The Bible points out that when we allow our own selfish desires to control what we do, think and say, that the conditions for sin to hatch are perfect. It is when our desire 'hatches', that it gives birth to sin. Again, James pens, "For where you have envy and selfish ambition, there you find disorder and every evil practice (James 3:16
)." It appears from Scripture that our own motives, our heart's desires, can give birth to sin. We, not the Devil, seem to provide the suitable breeding ground for sin.
Both the mosquito and sin hatch in certain conditions: moist soil or stagnant water and warm temperatures for the insect, selfish desire for sin. As a believer, I find it helpful to know how sin can 'hatch' in my life. This knowledge helps me remove (with he Holy Spirit's help) those conditions which favor the birth of sinful actions.
2. They both appear harmless
When you look at one of these mosquitoes they appear as harmless as a fly. They are not big or strong and they don't have sharp teeth or razor-like claws. They are simply a 'buzz with wings' -- or are they?
Science and experience tell us something far different. Mosquitoes can carry a whole host of diseases like dengue, yellow fever and malaria. One specific species of mosquito (genus culex) carries a bacterium that causes encephalitis, an infection of the brain. We know from history that mosquitos are far from harmless insect. They have been known to bring serious, even fatal, illnesses into many communities. For various third world countries these tiny, helpless, itsy-bitsy mosquitoes are carriers of death.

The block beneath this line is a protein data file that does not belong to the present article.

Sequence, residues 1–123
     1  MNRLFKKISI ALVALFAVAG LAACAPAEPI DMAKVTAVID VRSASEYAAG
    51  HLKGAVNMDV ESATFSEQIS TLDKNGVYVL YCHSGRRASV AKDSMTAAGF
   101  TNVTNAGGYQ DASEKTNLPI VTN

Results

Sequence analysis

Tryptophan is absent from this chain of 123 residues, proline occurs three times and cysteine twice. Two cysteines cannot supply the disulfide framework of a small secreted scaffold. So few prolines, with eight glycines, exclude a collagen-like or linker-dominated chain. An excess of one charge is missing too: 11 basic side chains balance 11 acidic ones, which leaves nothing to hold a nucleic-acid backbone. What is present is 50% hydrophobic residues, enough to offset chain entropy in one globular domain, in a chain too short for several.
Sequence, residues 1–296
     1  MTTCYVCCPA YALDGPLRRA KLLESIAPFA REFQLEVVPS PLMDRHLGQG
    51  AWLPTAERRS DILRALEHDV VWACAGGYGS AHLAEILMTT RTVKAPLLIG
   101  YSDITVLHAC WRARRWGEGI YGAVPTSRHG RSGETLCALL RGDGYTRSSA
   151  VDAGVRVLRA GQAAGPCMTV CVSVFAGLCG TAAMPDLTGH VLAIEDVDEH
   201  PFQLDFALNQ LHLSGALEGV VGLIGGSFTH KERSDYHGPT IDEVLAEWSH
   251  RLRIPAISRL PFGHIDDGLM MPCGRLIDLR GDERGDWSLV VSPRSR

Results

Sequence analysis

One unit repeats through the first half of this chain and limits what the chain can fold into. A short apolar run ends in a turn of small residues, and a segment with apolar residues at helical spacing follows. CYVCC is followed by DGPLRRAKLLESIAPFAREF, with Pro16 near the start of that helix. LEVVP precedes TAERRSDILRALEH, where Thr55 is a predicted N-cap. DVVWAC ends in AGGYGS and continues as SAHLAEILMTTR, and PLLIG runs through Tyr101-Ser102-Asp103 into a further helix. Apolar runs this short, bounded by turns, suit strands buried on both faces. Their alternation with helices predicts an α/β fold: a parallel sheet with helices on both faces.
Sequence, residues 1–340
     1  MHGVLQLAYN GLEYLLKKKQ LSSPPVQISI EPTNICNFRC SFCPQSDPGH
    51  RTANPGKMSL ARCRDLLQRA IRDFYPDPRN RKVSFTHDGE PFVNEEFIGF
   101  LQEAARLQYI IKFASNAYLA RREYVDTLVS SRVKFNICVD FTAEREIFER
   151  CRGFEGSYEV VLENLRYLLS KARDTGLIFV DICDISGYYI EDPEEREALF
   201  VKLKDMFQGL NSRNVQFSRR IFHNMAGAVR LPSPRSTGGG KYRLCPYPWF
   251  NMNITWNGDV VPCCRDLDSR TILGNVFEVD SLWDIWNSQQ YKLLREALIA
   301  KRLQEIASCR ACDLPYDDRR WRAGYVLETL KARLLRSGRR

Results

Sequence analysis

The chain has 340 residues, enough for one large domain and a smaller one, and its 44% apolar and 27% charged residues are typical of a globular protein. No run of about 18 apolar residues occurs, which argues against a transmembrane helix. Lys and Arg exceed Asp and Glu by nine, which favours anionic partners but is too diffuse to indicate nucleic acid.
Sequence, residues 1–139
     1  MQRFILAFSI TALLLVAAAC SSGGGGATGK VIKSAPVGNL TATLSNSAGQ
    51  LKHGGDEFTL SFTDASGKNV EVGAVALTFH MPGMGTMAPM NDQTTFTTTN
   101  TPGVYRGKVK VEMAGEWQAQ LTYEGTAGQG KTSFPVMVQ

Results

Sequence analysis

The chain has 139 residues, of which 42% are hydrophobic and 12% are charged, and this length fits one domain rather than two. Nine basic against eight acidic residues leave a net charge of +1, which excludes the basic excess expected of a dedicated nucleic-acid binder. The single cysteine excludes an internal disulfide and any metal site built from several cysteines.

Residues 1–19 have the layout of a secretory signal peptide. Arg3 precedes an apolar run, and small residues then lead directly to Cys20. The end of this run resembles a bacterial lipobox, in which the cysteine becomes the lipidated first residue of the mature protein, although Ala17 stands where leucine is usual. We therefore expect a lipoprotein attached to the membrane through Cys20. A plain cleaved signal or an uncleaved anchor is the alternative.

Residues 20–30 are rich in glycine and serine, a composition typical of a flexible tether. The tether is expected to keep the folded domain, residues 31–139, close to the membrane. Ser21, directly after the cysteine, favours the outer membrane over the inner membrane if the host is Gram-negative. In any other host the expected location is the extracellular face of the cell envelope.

Sin is very much like that. It too appears harmless. A "little white lie", a "harmless bit of gossip", a "tiny bit of greed", they all appear harmless, but are they? When Adam and Eve disobeyed God by eating the fruit, I wonder if they also didn't think to themselves, "It's just a little bite." Sin appears harmless on the outside, but the truth is it is deadly on the inside. When King David slept with the married Bathsheba did he believe that it was just a "harmless little fling"? He was a mighty warrior king and she a mere soldier's wife. What could a little adultery harm? As the story unfolds we witness the harm his little act caused -- David's adultery resulted in the deaths of Uriah, Bathsheba's husband and David's illegitimate newborn son (2 Samuel 11
Not only does sin appear harmless, it is fun -- for a moment. Make no mistake about it, committing a sin (stealing, doing drugs, vandalizing someone else's property) can be fun. If sin were not fun, nobody would be committing them. But after the fun we know that every sin has a deadly barb in it.
I recall reading a story by Michael Green about a workman on a road construction crew who was working on a project deep in the mountain area of Pennsylvania. "Every morning as he drove to work in his pickup, he would see a young boy at a fishing hole near the road. He would wave and speak to the boy each day. One day, however, as he drove slowly past the fishing spot and asked how the boy was doing, he got a strange reply: "The fish aren't bitin' today, but the worms sure are."